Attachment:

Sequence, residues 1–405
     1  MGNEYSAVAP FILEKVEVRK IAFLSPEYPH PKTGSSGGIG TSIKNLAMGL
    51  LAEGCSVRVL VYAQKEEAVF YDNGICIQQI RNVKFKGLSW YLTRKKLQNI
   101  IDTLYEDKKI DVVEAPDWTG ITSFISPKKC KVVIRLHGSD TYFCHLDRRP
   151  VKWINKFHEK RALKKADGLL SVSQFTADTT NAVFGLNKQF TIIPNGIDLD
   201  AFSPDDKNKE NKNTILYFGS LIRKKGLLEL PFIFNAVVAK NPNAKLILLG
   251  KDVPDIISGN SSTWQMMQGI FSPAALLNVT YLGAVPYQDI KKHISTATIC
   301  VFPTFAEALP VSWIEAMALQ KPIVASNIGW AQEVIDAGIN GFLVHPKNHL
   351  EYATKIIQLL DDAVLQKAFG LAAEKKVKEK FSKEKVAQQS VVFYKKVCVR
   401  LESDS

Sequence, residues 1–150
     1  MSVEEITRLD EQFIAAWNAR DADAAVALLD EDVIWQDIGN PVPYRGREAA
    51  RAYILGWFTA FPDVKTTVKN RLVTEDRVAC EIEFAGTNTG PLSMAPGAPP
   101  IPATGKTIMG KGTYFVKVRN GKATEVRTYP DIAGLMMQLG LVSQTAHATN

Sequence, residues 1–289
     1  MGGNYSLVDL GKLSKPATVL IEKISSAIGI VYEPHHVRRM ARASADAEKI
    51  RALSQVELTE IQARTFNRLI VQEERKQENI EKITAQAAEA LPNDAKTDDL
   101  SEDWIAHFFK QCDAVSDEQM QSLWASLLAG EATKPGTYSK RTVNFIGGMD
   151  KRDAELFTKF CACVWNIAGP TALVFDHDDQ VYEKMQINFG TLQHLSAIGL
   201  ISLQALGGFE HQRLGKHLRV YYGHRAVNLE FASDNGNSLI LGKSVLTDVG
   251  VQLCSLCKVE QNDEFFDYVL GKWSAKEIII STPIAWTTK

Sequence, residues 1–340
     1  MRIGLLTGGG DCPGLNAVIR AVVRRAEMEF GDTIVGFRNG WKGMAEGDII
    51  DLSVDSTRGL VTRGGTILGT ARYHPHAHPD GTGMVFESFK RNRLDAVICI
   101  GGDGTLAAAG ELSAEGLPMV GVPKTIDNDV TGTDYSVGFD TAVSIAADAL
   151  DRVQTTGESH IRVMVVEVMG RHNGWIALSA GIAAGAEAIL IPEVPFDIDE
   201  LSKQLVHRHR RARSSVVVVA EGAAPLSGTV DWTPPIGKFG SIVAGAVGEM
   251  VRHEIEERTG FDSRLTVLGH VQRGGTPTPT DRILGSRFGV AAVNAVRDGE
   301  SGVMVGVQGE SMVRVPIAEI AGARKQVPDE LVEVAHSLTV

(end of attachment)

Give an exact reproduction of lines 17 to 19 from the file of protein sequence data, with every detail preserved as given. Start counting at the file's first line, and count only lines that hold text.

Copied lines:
    51  RALSQVELTE IQARTFNRLI VQEERKQENI EKITAQAAEA LPNDAKTDDL
   101  SEDWIAHFFK QCDAVSDEQM QSLWASLLAG EATKPGTYSK RTVNFIGGMD
   151  KRDAELFTKF CACVWNIAGP TALVFDHDDQ VYEKMQINFG TLQHLSAIGL